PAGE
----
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I need to write an introduction to a topic which relies heavily on several University lecture slides and scripts. I would like to acknowledge this by using something like this:

The following exposé is based on the lectures by \citet{A, B, C} and on \citep{X, Y}.

But the question is, how do I cite them properly? In particular, what is the right BibTeX category? Is the following the only way? I would like to use something as unspecific as misc as little as possible.

@misc{LectureA,
  Author = {Ridcully, Mustrum},
  Institution = {Unseen University},
  Howpublished = {University Lecture},
  Year = {2000},
  Title = {An Introduction to Crossbow Hunting}
}
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Quoting from the biblatex documentation, section 2.1.1:

unpublished: A work with an author and a title which has not been formally published, such as a manuscript or the script of a talk.

Thus, you could use unpublished instead of misc.

I see, however, a general problem in referring to something that has not been published: the reader has no possibility to check what you are referring to, which is, in my humble opinion, the whole point in making references.

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    if the lecture notes are available online, there's always the howpublished or url entry lines... – Seamus Nov 19 '10 at 15:12
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    It’s not the whole point. Another important function of references is to distinguish own contributions from prior art, and to acknowledge it. Apart from that, every claim requires a source, whether the reader can personally check it or not. “personal communication” is in fact a valid reference (although certainly not as valuable as a published, peer-reviewed paper, and there seems to be debate whether this belongs in the list of references). Apart from that, the lecture material in question is actually published on the web, and I will hyperlink to it. – Konrad Rudolph Nov 19 '10 at 15:15
  • @Konrad: Don't forget to include the date with your hyperlink. In difference from published books and articles, the web is very much not static... – Tomas Aschan Nov 19 '10 at 15:26
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    @Konrad If it is published in the web, I would consider it as 'published', however if it is only a lecture I attended I would not. After all it will be my `interpretation' of what I have heard and then I would rather treat it in a footnote. – Yiannis Lazarides Nov 19 '10 at 15:29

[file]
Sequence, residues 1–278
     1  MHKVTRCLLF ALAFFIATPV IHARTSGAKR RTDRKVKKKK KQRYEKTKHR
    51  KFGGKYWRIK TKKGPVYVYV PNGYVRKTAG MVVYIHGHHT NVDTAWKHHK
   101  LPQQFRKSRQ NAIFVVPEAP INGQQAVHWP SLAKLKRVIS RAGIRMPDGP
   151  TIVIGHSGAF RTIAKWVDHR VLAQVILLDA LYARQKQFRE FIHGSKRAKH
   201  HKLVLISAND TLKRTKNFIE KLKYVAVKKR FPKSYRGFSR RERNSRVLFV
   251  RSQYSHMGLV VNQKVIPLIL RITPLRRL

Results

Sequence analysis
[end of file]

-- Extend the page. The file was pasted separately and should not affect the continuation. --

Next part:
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    @Yiannis: fair point. In this particular case, I didn’t actually attend the lectures, I’m using the slides and published notes as the basis of my exposition. – In fact, I believe that misc is the best choice here, after all. But I still like @domwass’ answer. – Konrad Rudolph Nov 19 '10 at 15:35
4

To address some commentaries on the accepted answer: The university of Canterbury differences in their APA style between retreivable (as in powerpoint slides) and non retrievable lecture notes (as in notes, someone took during lecture), the latter being defined as personal communication.

If retreivable, it depends where to retreive it. If it is published online, I would use the @online or indeed @misc as most answers citing webpages use that. To add the link to the retreivable resource use an url entry and be sure to load for example the hyperref package. If it is published elsewhere, you cite that source (@book etc.).

For the case of notes taken by yourself or not taken at all, it falls under the category of personal communication and you have to decide wether to include the reference in the bibliography at all (the link supposes not to) or rather use inline citation. Further reading for personal communication from the APA blog here.

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  • You should explain a bit more what your point is. The OP asks about how to avoid misc and url is just a field, so not applicable for him. – TeXnician Apr 6 '17 at 9:10
  • Updated to specifically address the different cases. – Dschoni Apr 6 '17 at 9:26
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    To me, declaring lecture notes taken by an audience member as being personal communication with the lecturer is misleading. It's not personal communication as the lecturer may have no idea who they are talking to and be unable to confirm that they did communicate this to the note-taker, nor is there a guarantee that the note-taker has correctly transcribed the lecturers comments. Much better practice would be to contact the academic directly to get them to confirm the relevant statement (or provide a proper reference) and reference this communication in the absence of a published reference. – Dai Bowen Apr 6 '17 at 10:11
  • Well to me it feels the same, but this is how my university (Technische Universität München) handles it and all others I found with a quick overview search. – Dschoni Apr 6 '17 at 13:51

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